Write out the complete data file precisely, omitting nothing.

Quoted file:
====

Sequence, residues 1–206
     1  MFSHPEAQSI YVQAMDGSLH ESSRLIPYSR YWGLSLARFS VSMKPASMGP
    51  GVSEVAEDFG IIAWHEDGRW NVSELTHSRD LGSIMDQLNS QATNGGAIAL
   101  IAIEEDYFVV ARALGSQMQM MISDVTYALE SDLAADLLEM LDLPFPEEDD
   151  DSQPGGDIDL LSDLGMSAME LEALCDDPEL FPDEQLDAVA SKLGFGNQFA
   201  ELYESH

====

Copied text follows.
Sequence, residues 1–206
     1  MFSHPEAQSI YVQAMDGSLH ESSRLIPYSR YWGLSLARFS VSMKPASMGP
    51  GVSEVAEDFG IIAWHEDGRW NVSELTHSRD LGSIMDQLNS QATNGGAIAL
   101  IAIEEDYFVV ARALGSQMQM MISDVTYALE SDLAADLLEM LDLPFPEEDD
   151  DSQPGGDIDL LSDLGMSAME LEALCDDPEL FPDEQLDAVA SKLGFGNQFA
   201  ELYESH